Albanian Prime Minister Edi Rama has arrived in Kosovo on Monday (27 September) to meet with Kosovo Prime Minister Albin Kurti and opposition party leaders, against the background of a dangerous escalation with Serbia over car plates.

Kosovo’s political parties have rallied together as Serbian troops gather along the border, following an alleged attack on two Kosovo interior ministry offices on Saturday.

Two buildings belonging to the Ministry of the Interior were attacked with hand grenades and set on fire, according to police.

Hand grenades were allegedly thrown at the civil registration office in Zvecan but did not detonate. Meanwhile, in Zubin Potok, the car registration office was set on fire. Despite material damage, there were no casualties reported.

The incidents came following days of tensions after the Kosovo government, led by Prime Minister Albin Kurti, announced that all Serbian vehicles crossing the border must use temporary Kosovo license plates.

Drivers from Kosovo have been required to display temporary Serbian plates since 2008 when it declared independence from Serbia. Kurti claims this is reciprocity, and he will revoke the measure if Serbia does the same.

Belgrade does not recognise Kosovo’s unilateral declaration of independence and sees Pristina’s decision on the licence plates as implying its status as a sovereign state.

Following the announcement, Serbs from the north of Kosovo blocked two main roads near the border with Serbia. These blockades have remained in place for over seven days and have been joined by Serbian military aircraft infringing on Kosovo’s air space, and tanks.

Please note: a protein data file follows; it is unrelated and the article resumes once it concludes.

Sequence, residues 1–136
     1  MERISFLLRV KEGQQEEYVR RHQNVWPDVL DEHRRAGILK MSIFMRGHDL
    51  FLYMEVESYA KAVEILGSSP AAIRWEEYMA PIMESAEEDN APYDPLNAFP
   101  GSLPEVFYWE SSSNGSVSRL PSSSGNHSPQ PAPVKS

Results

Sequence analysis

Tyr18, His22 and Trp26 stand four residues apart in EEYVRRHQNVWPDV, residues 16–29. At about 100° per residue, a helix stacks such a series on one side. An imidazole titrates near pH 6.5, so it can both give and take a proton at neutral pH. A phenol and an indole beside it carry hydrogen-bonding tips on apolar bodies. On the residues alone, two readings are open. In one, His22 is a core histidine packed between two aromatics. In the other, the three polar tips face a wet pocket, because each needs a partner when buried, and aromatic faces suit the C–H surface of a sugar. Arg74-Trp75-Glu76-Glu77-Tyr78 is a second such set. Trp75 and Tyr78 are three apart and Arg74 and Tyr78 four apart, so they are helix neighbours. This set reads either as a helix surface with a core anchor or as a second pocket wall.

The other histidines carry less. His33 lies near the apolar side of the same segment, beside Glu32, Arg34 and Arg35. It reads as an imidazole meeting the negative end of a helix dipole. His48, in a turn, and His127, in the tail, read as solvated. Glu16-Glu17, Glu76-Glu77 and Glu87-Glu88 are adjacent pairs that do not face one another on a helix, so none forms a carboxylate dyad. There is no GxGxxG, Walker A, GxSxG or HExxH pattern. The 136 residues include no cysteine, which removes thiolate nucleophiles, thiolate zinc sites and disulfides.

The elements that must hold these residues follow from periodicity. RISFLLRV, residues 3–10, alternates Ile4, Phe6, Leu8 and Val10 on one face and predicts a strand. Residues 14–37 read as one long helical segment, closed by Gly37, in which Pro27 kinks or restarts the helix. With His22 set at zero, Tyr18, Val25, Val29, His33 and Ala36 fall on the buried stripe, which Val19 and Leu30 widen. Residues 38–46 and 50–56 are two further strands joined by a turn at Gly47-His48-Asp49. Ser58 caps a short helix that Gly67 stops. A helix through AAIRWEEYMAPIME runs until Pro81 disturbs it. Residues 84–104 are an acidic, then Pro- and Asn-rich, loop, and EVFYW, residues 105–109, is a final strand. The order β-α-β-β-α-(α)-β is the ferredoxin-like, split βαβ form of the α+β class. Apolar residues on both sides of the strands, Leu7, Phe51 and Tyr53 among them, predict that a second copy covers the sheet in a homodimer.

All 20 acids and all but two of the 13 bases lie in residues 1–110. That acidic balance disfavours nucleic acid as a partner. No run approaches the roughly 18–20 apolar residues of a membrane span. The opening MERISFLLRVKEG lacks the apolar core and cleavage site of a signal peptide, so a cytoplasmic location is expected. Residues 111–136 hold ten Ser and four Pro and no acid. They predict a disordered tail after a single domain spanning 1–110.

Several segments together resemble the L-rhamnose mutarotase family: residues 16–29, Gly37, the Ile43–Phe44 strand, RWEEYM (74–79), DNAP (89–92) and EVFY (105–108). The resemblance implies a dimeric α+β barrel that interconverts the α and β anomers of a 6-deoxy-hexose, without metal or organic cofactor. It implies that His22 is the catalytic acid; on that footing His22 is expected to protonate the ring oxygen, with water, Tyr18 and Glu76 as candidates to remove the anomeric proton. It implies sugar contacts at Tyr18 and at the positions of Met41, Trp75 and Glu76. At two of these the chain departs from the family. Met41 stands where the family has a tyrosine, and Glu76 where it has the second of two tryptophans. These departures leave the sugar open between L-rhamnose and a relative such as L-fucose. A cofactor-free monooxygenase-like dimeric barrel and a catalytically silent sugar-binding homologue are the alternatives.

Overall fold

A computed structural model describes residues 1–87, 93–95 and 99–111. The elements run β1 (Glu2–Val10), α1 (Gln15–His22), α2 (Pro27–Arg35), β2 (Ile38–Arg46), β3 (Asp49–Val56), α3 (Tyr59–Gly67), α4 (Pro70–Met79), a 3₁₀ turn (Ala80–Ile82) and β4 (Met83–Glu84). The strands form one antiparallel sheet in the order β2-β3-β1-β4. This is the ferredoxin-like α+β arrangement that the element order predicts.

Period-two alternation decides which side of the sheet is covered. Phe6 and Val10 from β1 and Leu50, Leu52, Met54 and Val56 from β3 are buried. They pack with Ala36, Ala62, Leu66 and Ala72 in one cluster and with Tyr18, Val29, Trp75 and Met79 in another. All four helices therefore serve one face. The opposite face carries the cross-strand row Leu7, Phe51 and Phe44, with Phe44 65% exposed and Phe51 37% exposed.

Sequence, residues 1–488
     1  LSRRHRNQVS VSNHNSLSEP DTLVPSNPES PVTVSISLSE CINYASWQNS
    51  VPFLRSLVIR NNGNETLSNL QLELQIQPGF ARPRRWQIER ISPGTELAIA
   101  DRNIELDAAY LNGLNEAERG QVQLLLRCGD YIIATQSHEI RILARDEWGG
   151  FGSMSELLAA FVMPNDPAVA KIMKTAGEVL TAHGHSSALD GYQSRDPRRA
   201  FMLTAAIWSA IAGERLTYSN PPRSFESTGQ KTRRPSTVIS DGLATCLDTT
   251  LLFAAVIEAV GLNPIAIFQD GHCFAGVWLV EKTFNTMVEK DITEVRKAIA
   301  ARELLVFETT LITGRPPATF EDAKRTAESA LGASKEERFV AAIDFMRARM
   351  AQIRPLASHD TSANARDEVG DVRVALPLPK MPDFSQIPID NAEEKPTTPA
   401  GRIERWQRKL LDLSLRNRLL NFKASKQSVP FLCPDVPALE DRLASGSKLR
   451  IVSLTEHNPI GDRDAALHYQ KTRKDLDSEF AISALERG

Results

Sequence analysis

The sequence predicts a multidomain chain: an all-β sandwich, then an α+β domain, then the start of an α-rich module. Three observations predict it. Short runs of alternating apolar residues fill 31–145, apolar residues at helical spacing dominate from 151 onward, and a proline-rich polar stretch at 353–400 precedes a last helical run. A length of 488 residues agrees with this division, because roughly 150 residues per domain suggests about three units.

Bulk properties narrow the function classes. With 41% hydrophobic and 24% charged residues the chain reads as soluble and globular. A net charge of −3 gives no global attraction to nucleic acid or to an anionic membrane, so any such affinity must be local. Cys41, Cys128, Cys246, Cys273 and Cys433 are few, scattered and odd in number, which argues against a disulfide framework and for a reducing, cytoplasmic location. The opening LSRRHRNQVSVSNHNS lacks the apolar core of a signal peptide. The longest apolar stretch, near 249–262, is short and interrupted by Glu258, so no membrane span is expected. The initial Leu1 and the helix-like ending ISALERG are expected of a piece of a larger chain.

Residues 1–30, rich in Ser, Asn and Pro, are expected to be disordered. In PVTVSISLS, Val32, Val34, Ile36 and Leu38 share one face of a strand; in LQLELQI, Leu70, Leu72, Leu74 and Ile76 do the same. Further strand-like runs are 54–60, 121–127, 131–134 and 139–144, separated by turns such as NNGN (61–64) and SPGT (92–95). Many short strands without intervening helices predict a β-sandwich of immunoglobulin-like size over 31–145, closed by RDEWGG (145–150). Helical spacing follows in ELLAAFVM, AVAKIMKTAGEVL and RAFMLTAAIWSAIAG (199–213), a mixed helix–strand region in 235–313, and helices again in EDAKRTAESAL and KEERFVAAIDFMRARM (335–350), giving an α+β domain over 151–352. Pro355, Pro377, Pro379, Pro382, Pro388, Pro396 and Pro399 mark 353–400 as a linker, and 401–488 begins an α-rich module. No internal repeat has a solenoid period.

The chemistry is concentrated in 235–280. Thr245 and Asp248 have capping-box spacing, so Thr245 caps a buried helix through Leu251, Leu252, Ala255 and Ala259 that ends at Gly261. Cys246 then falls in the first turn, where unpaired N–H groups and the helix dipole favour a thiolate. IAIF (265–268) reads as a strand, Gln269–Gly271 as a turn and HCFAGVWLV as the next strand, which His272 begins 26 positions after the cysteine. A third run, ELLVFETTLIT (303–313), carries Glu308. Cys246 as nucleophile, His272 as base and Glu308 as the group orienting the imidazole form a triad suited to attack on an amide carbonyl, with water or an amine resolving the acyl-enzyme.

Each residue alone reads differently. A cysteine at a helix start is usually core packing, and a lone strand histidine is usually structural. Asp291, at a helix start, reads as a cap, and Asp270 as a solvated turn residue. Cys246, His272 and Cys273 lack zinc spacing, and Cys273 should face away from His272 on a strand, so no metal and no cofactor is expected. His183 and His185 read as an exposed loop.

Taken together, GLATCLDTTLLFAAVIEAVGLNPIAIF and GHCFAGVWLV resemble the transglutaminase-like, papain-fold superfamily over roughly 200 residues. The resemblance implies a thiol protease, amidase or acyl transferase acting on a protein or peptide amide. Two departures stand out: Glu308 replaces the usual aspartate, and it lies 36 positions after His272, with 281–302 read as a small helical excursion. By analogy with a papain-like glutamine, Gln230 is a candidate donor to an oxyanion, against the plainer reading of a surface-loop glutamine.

“After the provocations by the (special police) units… Serbian President Aleksandar Vucic gave the order to heighten the alert for some Serbian army and police units,” the defence ministry in Belgrade said in a statement.

Kosovo’s political parties align

In a rare sign of unity, the Democratic Party of Kosovo has pledged support for the Kurti Vetevendosje government. Leader Memli Krasniqi, along with leader of the Alliance for the Future of Kosovo Ramush Haradinaj, condemned the actions of Serbia.

Krasniqi wrote on Facebook that preserving the state of Kosovo “is a moral responsibility, not only political”, adding that Kosovo will not give in to threats of intimidation.

“Legitimate decisions of Kosovo institutions are sovereign decisions of the state of Kosovo, which cannot be blocked,” he said.

Former Prime Minister Haradinaj spoke in support of the actions undertaken by the Kosovo police along the border. He called Belgrade’s actions “provocations” and asked the EU to intervene.

On Saturday night, Kurti convened the National Security Council, and President Vjosa Osmani announced she would cut short her trip to the US and return to Kosovo in light of the ongoing situation.

The European Union’s chief diplomat Josep Borrell urged Serbia and Kosovo to reduce tensions “by immediately withdrawing special police units and dismantling of roadblocks”.